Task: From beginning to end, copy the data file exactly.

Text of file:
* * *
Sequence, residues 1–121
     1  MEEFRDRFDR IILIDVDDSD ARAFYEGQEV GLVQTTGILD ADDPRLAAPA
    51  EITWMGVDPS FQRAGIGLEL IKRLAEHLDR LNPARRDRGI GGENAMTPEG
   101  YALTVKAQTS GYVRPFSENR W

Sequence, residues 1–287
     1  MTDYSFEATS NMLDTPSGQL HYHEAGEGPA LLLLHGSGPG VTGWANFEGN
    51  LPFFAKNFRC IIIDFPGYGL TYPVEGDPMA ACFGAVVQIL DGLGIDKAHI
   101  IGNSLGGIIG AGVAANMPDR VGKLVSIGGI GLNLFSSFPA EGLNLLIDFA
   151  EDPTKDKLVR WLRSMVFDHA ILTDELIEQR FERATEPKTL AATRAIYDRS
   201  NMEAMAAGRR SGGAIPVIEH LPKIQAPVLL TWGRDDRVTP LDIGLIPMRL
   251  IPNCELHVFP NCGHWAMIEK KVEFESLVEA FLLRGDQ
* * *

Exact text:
Sequence, residues 1–121
     1  MEEFRDRFDR IILIDVDDSD ARAFYEGQEV GLVQTTGILD ADDPRLAAPA
    51  EITWMGVDPS FQRAGIGLEL IKRLAEHLDR LNPARRDRGI GGENAMTPEG
   101  YALTVKAQTS GYVRPFSENR W

Sequence, residues 1–287
     1  MTDYSFEATS NMLDTPSGQL HYHEAGEGPA LLLLHGSGPG VTGWANFEGN
    51  LPFFAKNFRC IIIDFPGYGL TYPVEGDPMA ACFGAVVQIL DGLGIDKAHI
   101  IGNSLGGIIG AGVAANMPDR VGKLVSIGGI GLNLFSSFPA EGLNLLIDFA
   151  EDPTKDKLVR WLRSMVFDHA ILTDELIEQR FERATEPKTL AATRAIYDRS
   201  NMEAMAAGRR SGGAIPVIEH LPKIQAPVLL TWGRDDRVTP LDIGLIPMRL
   251  IPNCELHVFP NCGHWAMIEK KVEFESLVEA FLLRGDQ